Worlds collide in Miami on Saturday


It might be the NFL Pro Bowl weekend, but before the professionals take the field Sunday, 90 of the best high school-aged players in the world will take the field in Miami on Saturday in the USA versus the World game to be televised on the NFL Network.

At first glance it would appear to not be much of a game with the highest quality football is played in the U.S., but the game is expanding and there are several World team players who are either committed to NCAA Division I-A school or hold several offers.

Jacob Ruby is a 6-foot-8, 285-pound offensive lineman who began playing football in Canada.

"I played one year [in a minor Canadian league], but I really started getting into it in high school. We played with 12 people, but we played a lot of American rules," Ruby said. "All the rules were the same except we played with 12 people and the motion toward the line."

Ruby transferred to Fork Union Military Academy (Fork Union, Va.) to help increase his college exposure and is now committed to Connecticut.

Bjorn Werner is from Germany and started playing football at 12 years old in a flag football league. He did not start playing tackle football until he was 14.

The 6-foot-4, 258-pound defensive lineman transferred to Salisbury School (Salisbury, Conn.) to help reach his dream of playing major college football and eventually moves on to the NFL.

"I was happy for the opportunity and I wanted to check it out," Werner said of his choice to move to the United States. "I really wanted to be successful."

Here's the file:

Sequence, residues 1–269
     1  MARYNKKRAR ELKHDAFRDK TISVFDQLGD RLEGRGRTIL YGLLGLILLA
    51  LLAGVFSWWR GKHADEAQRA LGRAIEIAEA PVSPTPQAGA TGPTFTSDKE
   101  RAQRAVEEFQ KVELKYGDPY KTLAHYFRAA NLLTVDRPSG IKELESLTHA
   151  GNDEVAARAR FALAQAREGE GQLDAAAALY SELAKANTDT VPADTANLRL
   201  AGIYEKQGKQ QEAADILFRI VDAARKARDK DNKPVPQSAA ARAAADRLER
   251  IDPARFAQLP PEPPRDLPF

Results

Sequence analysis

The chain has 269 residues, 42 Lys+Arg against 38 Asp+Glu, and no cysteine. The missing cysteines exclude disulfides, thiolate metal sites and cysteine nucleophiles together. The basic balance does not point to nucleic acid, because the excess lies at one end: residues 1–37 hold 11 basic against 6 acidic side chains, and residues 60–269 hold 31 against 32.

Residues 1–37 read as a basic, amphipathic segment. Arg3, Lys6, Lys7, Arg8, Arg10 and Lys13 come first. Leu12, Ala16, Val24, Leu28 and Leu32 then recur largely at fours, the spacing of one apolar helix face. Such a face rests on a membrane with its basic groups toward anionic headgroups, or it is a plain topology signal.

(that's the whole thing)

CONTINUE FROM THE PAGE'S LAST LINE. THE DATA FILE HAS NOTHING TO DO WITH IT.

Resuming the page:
But for all the accolades and offers, the World still feels it has to prove that football is played well outside of the United States.

"My goal is to prove that not only the Americans can play this game," Werner said. "My point is to show that outside of the USA there is a lot of potential to play at the highest level."

"The U.S. has always been known as a football powerhouse, but it's something on everybody's mind that we're going to show that other countries do have good athletes and we can play with the best of anybody," Ruby added.

The players arrived in Miami on Monday, but the teams have not had much interaction due to amount of team obligations. However, that has not stopped the American players from checking out their competition.

"There are some big linemen, especially those Samoans," said defensive back Titus Till of Henry Wise (Upper Marlboro, Md.). "They walk around in tank tops, they got these swoll tattoos. I'm glad I don't have to come in contact with some of them. Some of their skill position players look like they could be all right."

But even with some talented players on the World Team, many would expect the U.S. to come away with a victory. An idea shared by its players.

"Our main goal Saturday is to whoop up on this World team because you can't come into our country and play our sport and beat us in it," Till added. "That's not going to happen."

The USA versus The World game will be televised on the NFL Network beginning at noon Saturday, Jan. 30.

Mike Loveday is the Contact Sports Editor for ESPN RISE and can be reached via e-mail at Michael.Loveday@espn.com.